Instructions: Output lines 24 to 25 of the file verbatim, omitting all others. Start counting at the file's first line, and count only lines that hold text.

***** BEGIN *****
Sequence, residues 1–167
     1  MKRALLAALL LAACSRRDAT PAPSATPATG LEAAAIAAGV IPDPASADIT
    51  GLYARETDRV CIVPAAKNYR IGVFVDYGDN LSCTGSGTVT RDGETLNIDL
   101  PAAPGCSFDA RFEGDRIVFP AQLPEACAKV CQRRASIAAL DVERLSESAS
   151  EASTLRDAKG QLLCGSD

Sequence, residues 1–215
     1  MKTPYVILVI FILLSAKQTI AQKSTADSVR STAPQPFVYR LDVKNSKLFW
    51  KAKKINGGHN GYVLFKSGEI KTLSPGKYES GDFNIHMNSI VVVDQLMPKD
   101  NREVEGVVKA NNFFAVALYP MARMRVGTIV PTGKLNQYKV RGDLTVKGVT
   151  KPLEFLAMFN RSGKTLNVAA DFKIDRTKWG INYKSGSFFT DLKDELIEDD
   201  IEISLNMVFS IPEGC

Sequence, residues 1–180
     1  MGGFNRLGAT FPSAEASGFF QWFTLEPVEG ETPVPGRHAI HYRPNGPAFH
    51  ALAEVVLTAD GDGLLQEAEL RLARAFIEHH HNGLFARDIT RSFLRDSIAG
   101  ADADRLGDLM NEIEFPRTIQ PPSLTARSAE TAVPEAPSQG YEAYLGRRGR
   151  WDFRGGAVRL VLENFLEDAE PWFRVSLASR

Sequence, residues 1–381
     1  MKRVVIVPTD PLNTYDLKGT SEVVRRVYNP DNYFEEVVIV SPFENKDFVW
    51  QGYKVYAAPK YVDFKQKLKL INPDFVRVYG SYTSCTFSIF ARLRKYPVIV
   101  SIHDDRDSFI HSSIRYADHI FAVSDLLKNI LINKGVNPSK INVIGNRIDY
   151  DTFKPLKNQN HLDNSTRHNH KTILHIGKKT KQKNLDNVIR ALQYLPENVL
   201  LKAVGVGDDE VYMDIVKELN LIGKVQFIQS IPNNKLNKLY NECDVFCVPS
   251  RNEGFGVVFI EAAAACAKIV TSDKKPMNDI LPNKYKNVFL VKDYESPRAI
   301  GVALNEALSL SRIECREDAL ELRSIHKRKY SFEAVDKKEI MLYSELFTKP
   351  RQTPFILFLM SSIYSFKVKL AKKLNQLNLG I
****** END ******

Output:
   301  GVALNEALSL SRIECREDAL ELRSIHKRKY SFEAVDKKEI MLYSELFTKP
   351  RQTPFILFLM SSIYSFKVKL AKKLNQLNLG I